It would not be fair to write about “living wage” and not include what companies pay their top executives. Consider a single executive in every public company… the CEO… or the CEO.
In 1980, my boss, Irv Shapiro, president and CEO of Du Pont, was earning a base salary of $ 865,000, plus bonuses and stock options… which doubled his compensation to around 1.7 million. dollars … the equivalent today of about $ 6 million.
Last year, the CEOs of the 350 largest companies in the United States made – on average – an annual compensation of $ 24.2 million each. This was up 18.9% from 2019 … an increase during the pandemic when many workers – even those in the 350 largest companies – actually lost their wages … or their jobs.
The CEO realized that compensation – what he actually received – between 1980 and 2020 increased by 1,322%… better than S & P’s stock market growth of 817%. Earnings Realized – The “living wage” for the average worker during these years has increased by 18.9 percent… less than half a percent per year.
Things are not getting better in Canada. By noon this Tuesday, January 4 – the first official working day of the year – each CEO of Canada’s top 100 companies had earned what the average Canadian earns all year … $ 53,482.
There are all kinds of arguments put forward by political ideologues as to why workers cannot earn a “living wage”… Nobel Prize winning economists say this is wrong… but politicians say otherwise… I wonder who is right ?
Shouldn’t a successful business pay workers a living wage? Maybe those who can’t shouldn’t be in business… survival of the fittest. Doesn’t that sound harder than expecting someone to make $ 10 an hour alive with an annual income of $ 20,800?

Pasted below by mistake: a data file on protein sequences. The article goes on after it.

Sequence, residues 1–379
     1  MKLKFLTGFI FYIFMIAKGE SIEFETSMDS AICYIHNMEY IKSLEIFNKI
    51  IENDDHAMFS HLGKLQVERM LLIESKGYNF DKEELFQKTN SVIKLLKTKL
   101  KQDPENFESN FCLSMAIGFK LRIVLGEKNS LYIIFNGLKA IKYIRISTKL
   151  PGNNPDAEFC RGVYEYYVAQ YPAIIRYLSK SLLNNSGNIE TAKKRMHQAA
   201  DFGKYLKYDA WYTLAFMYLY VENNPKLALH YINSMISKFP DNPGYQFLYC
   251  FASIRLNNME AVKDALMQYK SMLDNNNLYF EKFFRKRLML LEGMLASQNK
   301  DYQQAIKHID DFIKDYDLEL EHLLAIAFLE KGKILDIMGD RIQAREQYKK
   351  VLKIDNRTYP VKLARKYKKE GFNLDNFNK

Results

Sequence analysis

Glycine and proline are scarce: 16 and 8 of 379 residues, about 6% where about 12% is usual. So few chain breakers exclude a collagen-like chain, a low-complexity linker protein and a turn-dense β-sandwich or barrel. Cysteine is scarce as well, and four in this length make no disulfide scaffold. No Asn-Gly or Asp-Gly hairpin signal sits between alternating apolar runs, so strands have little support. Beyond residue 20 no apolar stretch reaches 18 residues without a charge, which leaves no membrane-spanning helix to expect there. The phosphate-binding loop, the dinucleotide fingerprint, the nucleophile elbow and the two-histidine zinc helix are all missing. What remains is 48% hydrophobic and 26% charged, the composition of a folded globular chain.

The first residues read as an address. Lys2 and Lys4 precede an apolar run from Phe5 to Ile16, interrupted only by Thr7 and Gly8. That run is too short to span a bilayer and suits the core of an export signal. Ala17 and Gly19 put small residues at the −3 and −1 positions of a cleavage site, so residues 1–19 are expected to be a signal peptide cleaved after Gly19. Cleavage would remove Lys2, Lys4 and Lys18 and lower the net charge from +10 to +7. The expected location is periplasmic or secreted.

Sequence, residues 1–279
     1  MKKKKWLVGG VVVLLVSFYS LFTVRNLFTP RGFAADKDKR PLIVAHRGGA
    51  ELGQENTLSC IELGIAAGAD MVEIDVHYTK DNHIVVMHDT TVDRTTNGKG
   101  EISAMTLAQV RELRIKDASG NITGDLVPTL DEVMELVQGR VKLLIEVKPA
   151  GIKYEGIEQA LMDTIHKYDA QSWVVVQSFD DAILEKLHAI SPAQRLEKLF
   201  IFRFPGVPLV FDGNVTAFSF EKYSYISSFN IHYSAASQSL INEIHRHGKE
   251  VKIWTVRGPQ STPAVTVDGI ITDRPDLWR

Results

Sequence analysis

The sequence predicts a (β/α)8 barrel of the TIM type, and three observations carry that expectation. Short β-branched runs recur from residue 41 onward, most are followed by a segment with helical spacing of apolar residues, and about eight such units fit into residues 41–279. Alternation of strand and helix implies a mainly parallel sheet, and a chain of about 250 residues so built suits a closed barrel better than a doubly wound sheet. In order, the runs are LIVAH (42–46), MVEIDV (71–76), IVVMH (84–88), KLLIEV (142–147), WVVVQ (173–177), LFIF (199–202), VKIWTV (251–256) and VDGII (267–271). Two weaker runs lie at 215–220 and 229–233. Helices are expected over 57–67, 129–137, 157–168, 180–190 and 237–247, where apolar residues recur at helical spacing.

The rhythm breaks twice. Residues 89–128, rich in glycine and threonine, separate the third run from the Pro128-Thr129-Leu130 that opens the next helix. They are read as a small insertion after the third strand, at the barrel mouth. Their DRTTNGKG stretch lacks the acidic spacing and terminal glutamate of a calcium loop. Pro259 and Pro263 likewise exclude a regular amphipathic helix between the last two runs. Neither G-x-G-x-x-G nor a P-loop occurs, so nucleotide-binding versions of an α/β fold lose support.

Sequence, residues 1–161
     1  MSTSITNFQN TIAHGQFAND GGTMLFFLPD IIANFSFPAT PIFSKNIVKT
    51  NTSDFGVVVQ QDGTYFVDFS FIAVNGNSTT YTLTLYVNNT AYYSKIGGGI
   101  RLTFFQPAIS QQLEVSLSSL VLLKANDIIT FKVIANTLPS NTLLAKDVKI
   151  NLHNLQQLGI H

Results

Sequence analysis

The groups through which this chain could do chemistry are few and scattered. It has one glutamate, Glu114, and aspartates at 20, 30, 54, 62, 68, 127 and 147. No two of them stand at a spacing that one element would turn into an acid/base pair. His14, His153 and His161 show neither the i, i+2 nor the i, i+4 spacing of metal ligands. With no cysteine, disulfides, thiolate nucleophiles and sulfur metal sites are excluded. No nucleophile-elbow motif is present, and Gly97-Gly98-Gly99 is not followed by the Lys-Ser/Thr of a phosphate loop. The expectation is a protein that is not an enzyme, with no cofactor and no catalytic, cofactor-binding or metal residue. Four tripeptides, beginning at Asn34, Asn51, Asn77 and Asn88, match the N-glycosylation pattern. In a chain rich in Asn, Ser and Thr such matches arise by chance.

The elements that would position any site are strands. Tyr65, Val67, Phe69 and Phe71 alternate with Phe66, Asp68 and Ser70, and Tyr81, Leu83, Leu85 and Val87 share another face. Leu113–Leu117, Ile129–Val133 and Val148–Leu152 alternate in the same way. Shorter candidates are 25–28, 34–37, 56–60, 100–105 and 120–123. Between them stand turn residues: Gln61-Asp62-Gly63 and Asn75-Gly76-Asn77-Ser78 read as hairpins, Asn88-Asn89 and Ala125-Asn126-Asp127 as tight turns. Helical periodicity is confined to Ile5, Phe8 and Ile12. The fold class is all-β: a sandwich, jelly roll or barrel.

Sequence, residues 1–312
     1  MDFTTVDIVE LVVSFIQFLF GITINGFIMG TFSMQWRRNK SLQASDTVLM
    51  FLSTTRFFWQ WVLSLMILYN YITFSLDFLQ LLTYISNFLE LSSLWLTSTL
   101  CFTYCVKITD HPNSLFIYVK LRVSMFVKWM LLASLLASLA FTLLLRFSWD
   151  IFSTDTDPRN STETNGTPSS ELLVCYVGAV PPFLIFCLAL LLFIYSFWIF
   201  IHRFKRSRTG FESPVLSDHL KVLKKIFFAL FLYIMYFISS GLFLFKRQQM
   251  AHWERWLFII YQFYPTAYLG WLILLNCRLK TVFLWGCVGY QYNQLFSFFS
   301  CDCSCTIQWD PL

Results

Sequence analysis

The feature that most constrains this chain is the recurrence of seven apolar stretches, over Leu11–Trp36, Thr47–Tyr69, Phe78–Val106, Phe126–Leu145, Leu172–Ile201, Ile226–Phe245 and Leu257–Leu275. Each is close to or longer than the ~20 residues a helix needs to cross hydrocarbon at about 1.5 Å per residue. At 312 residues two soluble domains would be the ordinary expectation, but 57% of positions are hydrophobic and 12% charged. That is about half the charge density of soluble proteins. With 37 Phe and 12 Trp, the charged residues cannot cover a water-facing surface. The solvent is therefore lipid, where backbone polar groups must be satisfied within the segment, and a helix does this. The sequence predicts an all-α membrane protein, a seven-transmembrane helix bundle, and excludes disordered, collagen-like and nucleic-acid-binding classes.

Oh, before I suggest that today’s workers aren’t as productive as they were in the past… well, that’s not true either. Wage stagnation is due to the tendency to concentrate wealth in the hands of a few within companies … rather than lower productivity, according to three living economists who won a Nobel Prize.
We may disagree on the kind of life that a “living wage” would make possible. But, honestly, isn’t it fair that those who look after our kids, deliver our packages, and wait for us in the stores aren’t doing enough to take their families out to dinner once a month, and I’m talking fast food. Forget about saving for those golden years of retirement or future vacations, they can’t afford a decent life today.
My point is… this is a discussion we need to have as members of society. Leaving the well-being of our fellow citizens in the hands of university professors and politicians has not provided a “living wage” to those living on the brink … or those already on the edge of the cliff. Perhaps we should ask ourselves what salary allows you to live rather than exist?
– Don Thompson, an American awaiting Canadian citizenship, lives in Vernon and Florida. In a career spanning more than 40 years, Don has worked as a journalist, speechwriter and CEO of an advertising and public relations firm. Passionate and compassionate man, he enjoys writing as much as good dinners accompanied by great wines.